The S.S. Scalaria was a 5,683 GRT Tanker built at Swan Hunter & Wigham Richardson (Yard No. 1173), Newcastle, UK, for the Anglo-Saxon Petroleum Company (Shell Tankers, manager). As with all “Shell Tankers” she was named after a mollusk, in this case the twisting bivalve mollusk “Scalaria.
The ship was launched on 22 July 1921 and completed the following September with a length of 125.3 meters, beam of 16.2 meters, and 9.4 meters in draught. Propulsion was provided by a triple-expansion steam engine provided by Wallsend Slipway Engineering Co., Point Pleasant, Wallsend-on-Tyne, UK, and had a single shaft which gave her a top speed of 11 knots.
On 19 October 1942, the ship was anchored at Ras Gharib under the command of Captain J. Waring, and taking on 7,000 tons of crude oil. Late that evening, or early on the morning of the 20th, the ship was attacked by a German Heinkel 111.
“At 22:15 I made the rounds of the ship, saw the gunners at their posts. At 22:30 I retired to my room, but was awakened by an attacking Heinkel 111 approaching from the land, roughly westward. The aircraft circled at approximately 100 ft, then dropped a torpedo which struck the ship on the starboard side aft of the bridge in no. 3 tank. There was a terrific explosion which caused the ship to shudder violently and carried away the stern moorings, causing the ship to swing round from north to south. All the woodwork in my room collapsed and the iron frame twisted, jamming the two doors. By sheer force I burst one door open and on reaching the deck saw the whole of the after starboard side of the deck was ablaze, with burning oil pouring from the ships side and drifting aft. At this point the Heinkel lined up for another attack, this time releasing a bomb. Some of the men were trapped aft and ran up onto the poop, others on the fo’c’scle slid down ropes over the bow. I was about to shout to these men when a bomb struck the foredeck with a terrific explosion. I was badly burned and injured by this bomb and saw it was no use trying to get the men to come amidships as the whole foredeck was now blazing furiously”.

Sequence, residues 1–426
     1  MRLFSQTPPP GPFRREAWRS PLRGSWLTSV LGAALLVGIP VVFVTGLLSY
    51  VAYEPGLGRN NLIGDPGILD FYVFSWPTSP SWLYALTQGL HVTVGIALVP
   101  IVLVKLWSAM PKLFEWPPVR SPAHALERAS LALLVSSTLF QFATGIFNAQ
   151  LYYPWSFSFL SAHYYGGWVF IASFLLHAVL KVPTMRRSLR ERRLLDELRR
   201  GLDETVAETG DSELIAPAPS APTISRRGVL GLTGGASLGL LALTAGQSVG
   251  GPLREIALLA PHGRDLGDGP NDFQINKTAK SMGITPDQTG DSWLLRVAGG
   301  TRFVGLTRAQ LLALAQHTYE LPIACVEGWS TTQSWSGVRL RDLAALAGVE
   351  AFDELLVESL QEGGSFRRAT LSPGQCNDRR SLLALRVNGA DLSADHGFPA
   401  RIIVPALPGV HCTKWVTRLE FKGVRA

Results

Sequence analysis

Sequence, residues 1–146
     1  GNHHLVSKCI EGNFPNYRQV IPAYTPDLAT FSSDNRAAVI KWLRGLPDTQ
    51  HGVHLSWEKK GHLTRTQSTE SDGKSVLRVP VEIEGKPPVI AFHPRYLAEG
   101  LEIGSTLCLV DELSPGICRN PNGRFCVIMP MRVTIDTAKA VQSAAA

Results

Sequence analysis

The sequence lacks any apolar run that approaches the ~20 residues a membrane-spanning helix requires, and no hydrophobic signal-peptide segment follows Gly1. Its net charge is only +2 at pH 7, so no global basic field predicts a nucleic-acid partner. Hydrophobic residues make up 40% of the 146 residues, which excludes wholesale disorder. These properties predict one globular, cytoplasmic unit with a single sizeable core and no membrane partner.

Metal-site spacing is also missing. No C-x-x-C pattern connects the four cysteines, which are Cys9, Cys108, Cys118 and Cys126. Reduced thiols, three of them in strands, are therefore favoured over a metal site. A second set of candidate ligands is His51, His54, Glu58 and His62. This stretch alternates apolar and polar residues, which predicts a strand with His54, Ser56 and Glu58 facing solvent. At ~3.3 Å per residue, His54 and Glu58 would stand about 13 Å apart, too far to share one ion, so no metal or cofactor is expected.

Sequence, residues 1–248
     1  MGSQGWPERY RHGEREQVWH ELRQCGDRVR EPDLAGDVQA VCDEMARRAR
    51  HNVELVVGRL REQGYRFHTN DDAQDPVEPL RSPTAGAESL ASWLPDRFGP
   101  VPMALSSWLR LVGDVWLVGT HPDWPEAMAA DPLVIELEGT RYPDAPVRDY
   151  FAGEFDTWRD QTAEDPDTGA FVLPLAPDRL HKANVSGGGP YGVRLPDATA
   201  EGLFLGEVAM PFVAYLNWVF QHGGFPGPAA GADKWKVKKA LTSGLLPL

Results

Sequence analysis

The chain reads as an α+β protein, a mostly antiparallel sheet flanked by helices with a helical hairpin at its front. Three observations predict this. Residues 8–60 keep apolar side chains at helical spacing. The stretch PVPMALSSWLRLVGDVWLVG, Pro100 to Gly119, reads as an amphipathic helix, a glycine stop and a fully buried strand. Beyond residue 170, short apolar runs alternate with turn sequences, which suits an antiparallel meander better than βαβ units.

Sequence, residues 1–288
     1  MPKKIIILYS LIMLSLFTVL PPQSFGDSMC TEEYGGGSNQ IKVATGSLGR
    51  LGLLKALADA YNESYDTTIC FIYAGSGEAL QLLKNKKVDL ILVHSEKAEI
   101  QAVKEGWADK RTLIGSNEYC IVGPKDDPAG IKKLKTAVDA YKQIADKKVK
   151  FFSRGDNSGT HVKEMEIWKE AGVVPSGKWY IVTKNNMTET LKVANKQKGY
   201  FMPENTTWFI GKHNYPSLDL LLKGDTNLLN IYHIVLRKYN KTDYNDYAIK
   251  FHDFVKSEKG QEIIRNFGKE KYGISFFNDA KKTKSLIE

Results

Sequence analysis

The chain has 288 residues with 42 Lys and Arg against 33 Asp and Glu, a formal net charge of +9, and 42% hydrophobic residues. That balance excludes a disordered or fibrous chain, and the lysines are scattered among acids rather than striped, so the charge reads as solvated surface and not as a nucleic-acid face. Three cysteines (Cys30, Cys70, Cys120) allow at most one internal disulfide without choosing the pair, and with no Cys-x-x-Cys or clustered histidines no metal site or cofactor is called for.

The Captain’s account continues:
“As we drifted I called out to the men on the poop to jump or throw us a rope but they were too slow. By the stern buoy we could see more men calling out and we picked up six more crewmen. Even with this extra manpower we were unable to row against the wind sea and current. I was thankful to see a launch approach from the shore which picked up all remaining survivors.”
at position 28°20.626′ N/033°07.236′ E, and would later be salvaged from the waterline up.